The Five Best Day Ski Trips from Denver

Curtis Weller |
cold smoke
Monarch Mountain ski patrol doing some terrain evaluation. Credit: Monarch Mountain

The ski season is well underway here in the Colorado Rockies, which means it is time to start making plans for those day ski trips if you haven’t already. The following empirically and scientifically derived list is thus provided to the reader as an aid in planning and final decision making for said day trips.

#5 Monarch Mountain

It isn’t an Epic nor is it an Ikon. It also isn’t off of I-70, it isn’t crowded, and it is definitely worth checking out. Sitting at the southern end of the Sawatch Range, Monarch Mountain is decidedly off the beaten path for most Denver Metro based skiers and riders. While smaller than the Summit resorts the lack of a crowd keeps Monarch from feeling small. And the variety of terrain, including hike-to expert runs, prevents the fun from getting stale. The atmosphere at Monarch is fun and laid back, much like A-Basin but calmer. Oh, and they don’t make snow, so none of that heavy sticky man-made stuff that seems to readily turn into ice.

The three-hour and 150-mile drive from the Denver Metro might have something to do with the lack of a crowd. If you go, be sure to take some friends, as you will probably need to switch drivers at some point. And if you do swing into Salida for some après do not party too hard, US 285 is not a road to take lightly in the winter.

#4 Arapahoe Basin

fall skiing
Halloween at Arapahoe Basin. Credit: Arapahoe Basin

It’s hard to not have a good time at A-Basin. The lifts are running more days during the year than they sit idle, and the terrain is some of the best in the country. The long season means powder days October thru May. The best in-bounds powder days I’ve ever had have been at A-Basin. Someone is always skiing in a costume, and there is always a party going on at the Beach.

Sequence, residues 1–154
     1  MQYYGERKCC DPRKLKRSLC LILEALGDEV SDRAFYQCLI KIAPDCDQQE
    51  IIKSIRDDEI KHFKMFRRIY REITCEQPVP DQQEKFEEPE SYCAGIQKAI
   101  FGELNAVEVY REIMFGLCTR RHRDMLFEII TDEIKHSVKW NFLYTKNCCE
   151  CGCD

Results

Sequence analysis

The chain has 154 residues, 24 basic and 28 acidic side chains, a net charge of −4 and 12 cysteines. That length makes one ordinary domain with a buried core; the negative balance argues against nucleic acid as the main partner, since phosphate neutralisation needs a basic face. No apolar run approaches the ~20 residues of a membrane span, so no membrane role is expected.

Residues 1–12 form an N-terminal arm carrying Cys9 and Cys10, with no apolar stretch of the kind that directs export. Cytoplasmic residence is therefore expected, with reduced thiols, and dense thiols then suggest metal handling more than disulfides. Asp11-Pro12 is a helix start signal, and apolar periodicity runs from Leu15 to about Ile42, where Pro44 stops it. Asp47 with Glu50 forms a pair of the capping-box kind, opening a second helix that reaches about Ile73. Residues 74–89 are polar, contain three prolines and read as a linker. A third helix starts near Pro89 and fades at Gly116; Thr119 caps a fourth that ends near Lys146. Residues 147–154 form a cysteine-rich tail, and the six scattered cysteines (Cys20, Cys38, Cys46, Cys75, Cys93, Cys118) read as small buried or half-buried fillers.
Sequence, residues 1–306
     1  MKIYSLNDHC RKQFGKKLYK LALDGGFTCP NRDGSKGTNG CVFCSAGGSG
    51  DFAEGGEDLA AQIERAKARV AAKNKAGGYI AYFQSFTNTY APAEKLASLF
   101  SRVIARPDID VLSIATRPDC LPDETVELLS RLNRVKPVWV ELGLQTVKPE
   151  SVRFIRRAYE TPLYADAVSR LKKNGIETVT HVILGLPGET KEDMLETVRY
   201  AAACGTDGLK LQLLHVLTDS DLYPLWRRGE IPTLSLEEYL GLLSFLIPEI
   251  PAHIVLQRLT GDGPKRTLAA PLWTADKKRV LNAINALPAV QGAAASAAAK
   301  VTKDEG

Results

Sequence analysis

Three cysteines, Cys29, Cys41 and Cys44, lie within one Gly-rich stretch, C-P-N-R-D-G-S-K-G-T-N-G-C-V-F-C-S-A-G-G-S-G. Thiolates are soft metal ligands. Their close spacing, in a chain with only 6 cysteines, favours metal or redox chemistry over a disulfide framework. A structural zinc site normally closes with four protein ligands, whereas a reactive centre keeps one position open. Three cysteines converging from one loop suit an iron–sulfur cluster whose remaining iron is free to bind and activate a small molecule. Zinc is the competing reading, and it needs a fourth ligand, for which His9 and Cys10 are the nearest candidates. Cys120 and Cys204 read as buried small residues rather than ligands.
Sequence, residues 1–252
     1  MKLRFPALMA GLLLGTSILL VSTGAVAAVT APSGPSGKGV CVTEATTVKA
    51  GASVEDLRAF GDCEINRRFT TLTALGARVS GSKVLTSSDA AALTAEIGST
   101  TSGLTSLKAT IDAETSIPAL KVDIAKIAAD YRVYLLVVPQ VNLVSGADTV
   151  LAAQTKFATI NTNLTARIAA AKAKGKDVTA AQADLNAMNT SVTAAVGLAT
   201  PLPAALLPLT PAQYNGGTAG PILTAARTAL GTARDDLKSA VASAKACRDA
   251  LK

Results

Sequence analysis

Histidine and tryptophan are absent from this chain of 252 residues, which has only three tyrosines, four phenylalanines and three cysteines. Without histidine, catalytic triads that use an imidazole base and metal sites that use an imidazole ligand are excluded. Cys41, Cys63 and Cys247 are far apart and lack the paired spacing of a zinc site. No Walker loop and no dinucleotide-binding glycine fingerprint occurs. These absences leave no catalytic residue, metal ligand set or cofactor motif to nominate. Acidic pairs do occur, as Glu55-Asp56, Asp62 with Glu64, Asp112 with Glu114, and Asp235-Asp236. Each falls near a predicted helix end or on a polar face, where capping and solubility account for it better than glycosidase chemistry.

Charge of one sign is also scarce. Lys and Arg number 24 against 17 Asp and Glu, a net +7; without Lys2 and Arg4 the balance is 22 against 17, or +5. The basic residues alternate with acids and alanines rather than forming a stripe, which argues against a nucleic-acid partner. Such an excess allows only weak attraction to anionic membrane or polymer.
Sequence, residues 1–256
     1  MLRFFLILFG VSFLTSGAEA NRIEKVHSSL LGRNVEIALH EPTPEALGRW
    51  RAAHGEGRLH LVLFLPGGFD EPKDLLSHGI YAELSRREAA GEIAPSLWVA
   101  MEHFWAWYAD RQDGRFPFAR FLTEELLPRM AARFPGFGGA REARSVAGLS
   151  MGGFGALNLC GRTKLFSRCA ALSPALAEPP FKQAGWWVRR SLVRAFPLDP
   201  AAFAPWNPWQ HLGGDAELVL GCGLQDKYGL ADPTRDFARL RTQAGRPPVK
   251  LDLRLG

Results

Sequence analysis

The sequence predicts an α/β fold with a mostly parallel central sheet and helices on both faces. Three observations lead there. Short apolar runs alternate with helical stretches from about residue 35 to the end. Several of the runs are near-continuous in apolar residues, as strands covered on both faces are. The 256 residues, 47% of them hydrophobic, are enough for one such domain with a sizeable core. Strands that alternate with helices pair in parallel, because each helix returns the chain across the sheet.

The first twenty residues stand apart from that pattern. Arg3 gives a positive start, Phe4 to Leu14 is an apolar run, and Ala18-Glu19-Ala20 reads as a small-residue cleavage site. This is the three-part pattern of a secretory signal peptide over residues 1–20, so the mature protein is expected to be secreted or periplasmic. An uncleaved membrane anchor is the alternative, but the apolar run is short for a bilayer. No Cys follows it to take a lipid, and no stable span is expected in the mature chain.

If the party at the beach didn’t satiate your appetite you can also swing into Dillion/Frisco/Silverthorne and enjoy some après while the eastbound traffic subsides.

#3 Cat Skiing with Powder Addiction at Jones Pass

spring skiing
The view from the Continental Divide. Credit Author

This was without a doubt one of the best ski trips I’ve ever taken. The guides were great, the other skiers were a blast, and it was an awesome experience to get turns in with the help of a snowcat. It was late season and while there wasn’t fresh powder the stable conditions allowed us to ski steep runs off the continental divide. It was an awesome experience I’ll never forget.

Yeah, a single day of cat skiing is expensive. But it’s not a trip you will likely regret taking.

#2 Herman Gulch

walking on snow
Elliot Gordon surveys Herman Gulch. Credit: Author

Take I-70 West from Denver, just before Loveland ski area is exit 218, get off, hang a right and find a place to park. Welcome to the Herman Gulch trailhead, the portal to a ski mountaineers paradise. The Herman Gulch trailhead offers easy access to the broad bowls and narrow couloirs on Mount Machebeuf, Pettingell Peak, Woods Mountain, and the Citadel. When conditions are stable there are literal mountains of fun to be had in Herman Gulch and Watrous Gulch.

The price of a backcountry lift ticket is free. The cost of an AIARE Level 1 course and a beacon shovel probe setup isn’t cheap, but neither is your life. Get the training, get the gear, and get the forecast before stepping into the backcountry.

#1 Berthoud Pass

skiing berthoud
Zach Kasica, Michelle Bonfanti, and Sara Starks prepare for a second run on the roll. Credit: Author

If there is a backcountry equivalent of A-Basin it would have to be Berthoud Pass. With 400+ inches a year you can enjoy powder days, some measured in feet, October thru May. There is a large variety of terrain from the old ski area runs to Frankenstein couloir. The party atmosphere at the summit parking lot grows proportionally with snowpack stability. And someone is always skiing with his or her dog(s).

Again, the price of a backcountry lift ticket is free. The cost of an AIARE Level 1 course and a beacon shovel probe setup isn’t cheap, but neither is your life. Get the training, get the gear, and get the forecast before stepping into the backcountry.


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